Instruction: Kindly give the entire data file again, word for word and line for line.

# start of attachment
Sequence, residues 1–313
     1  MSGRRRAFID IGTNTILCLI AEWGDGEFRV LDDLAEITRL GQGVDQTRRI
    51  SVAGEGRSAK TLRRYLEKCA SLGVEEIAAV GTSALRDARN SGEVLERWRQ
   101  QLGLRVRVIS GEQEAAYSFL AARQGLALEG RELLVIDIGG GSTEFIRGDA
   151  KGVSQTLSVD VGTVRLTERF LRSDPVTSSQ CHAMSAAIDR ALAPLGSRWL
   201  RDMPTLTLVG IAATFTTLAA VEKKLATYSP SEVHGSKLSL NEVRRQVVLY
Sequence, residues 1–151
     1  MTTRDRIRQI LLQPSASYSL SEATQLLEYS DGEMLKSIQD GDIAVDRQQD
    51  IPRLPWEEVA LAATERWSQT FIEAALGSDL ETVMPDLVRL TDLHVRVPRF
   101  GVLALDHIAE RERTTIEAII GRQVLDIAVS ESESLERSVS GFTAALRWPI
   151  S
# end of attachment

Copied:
Sequence, residues 1–313
     1  MSGRRRAFID IGTNTILCLI AEWGDGEFRV LDDLAEITRL GQGVDQTRRI
    51  SVAGEGRSAK TLRRYLEKCA SLGVEEIAAV GTSALRDARN SGEVLERWRQ
   101  QLGLRVRVIS GEQEAAYSFL AARQGLALEG RELLVIDIGG GSTEFIRGDA
   151  KGVSQTLSVD VGTVRLTERF LRSDPVTSSQ CHAMSAAIDR ALAPLGSRWL
   201  RDMPTLTLVG IAATFTTLAA VEKKLATYSP SEVHGSKLSL NEVRRQVVLY
Sequence, residues 1–151
     1  MTTRDRIRQI LLQPSASYSL SEATQLLEYS DGEMLKSIQD GDIAVDRQQD
    51  IPRLPWEEVA LAATERWSQT FIEAALGSDL ETVMPDLVRL TDLHVRVPRF
   101  GVLALDHIAE RERTTIEAII GRQVLDIAVS ESESLERSVS GFTAALRWPI
   151  S